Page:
Training Levels Comparison Trial

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The University of Alabama at Birmingham




Myocardial Ischemia
Cardiovascular Diseases
Heart Diseases
Coronary Disease


Behavioral: High intensity exercise
Behavioral: Low intensity exercise

Study type


Funder types



R01HL037597 (U.S. NIH Grant/Contract)

Details and patient eligibility


To determine the effects of high or low intensity long-term exercise conditioning in patients with coronary artery disease.

Full description

BACKGROUND: A vast amount of literature exists on the improvements in work capacity, reduction of risk factors, and an increased feeling of well-being among coronary heart disease patients after physical training programs. Previous observations of short-term training programs which resulted in an increase in physical working capacity have not usually shown a cardiac change. The National Exercise and Heart Disease Project did not show such changes, but the exercise level may have been inadequate. Several other studies suggested that more prolonged and intense training could result in improved cardiac function. DESIGN NARRATIVE: Patients were randomized to high intensity or low intensity long-term exercise groups. Compliance was strengthened by randomizing following a sequence of eligibility visits and after a test period of subject reaction to an exercise program. The primary endpoint was change in exercise ejection fraction at one year. Secondary endpoints included changes in lipid levels, body composition, blood pressure and heart rate measurements, glucose tolerance, quality of life measures, compliance, and progression of disease. Patients were classified into one of four strata based on the documented history of myocardial infarction and resting left ventricular ejection fraction. Within each stratum, patients were assigned in equal numbers to the two intensity levels of exercise intervention. All exercise prescriptions were based on exercise testing of patients maintained on their usual medical regimen including drugs. Patients underwent standardized multistage treadmill exercise testing monitored by Doppler echocardiogram at baseline, just prior to randomization and at the three month, six month, one year and two year visits. Patients participated in the structured group exercise sessions three days per week. Each exercise session was preceded by and ended with a five to fifteen minute warm-up and cool-down session. Each patient was given an exercise prescription that included a 30 minute period of walking or of walking and jogging sequences and 15 minutes of arm-leg bicycle ergometer exercise. Recruitment started in May 1987. The last patient was enrolled in March 1990.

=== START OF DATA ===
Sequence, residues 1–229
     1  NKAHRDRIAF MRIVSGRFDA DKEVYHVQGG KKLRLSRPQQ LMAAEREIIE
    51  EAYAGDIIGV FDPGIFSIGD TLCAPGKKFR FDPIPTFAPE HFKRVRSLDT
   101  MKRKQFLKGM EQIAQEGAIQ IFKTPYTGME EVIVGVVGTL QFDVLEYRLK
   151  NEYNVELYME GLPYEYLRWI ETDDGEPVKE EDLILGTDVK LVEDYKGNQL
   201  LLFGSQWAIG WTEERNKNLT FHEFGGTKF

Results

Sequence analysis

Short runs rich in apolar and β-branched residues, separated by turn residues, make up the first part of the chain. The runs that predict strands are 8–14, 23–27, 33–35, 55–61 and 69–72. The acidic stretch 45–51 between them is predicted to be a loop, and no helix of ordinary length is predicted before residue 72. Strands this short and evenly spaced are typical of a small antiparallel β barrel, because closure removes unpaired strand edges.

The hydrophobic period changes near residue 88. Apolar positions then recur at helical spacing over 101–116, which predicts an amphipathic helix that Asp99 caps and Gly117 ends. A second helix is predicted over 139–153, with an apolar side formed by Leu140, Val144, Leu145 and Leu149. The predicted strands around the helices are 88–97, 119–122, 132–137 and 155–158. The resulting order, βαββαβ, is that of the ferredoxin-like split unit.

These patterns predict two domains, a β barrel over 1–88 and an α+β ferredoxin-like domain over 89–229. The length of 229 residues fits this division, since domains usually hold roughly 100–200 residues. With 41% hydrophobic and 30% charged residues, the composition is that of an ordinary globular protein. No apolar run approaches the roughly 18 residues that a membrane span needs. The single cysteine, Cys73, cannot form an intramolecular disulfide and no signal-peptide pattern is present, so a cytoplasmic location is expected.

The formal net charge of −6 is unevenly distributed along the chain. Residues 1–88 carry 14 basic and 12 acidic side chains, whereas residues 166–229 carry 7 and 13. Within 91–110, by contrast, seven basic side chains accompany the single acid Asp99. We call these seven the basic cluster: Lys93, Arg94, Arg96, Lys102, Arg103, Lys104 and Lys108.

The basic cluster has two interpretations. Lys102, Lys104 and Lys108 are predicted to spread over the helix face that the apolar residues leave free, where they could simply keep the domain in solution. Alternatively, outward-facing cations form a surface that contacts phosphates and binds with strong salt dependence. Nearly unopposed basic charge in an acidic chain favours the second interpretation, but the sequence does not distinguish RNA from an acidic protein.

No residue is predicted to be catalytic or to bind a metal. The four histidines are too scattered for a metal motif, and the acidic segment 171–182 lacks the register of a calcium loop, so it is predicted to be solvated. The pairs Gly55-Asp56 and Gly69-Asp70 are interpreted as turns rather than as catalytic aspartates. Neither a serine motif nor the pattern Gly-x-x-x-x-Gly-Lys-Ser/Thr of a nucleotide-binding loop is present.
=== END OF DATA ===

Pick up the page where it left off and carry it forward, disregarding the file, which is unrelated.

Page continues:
30 to 67 years old


No Healthy Volunteers

Inclusion and exclusion criteria

Men, ages 30 to 67, with documented coronary heart disease.

Trial design

0 participants in 2 patient groups

Low intensity exercise
Behavioral: Low intensity exercise
High intensity exercise
Behavioral: High intensity exercise

Trial contacts and locations



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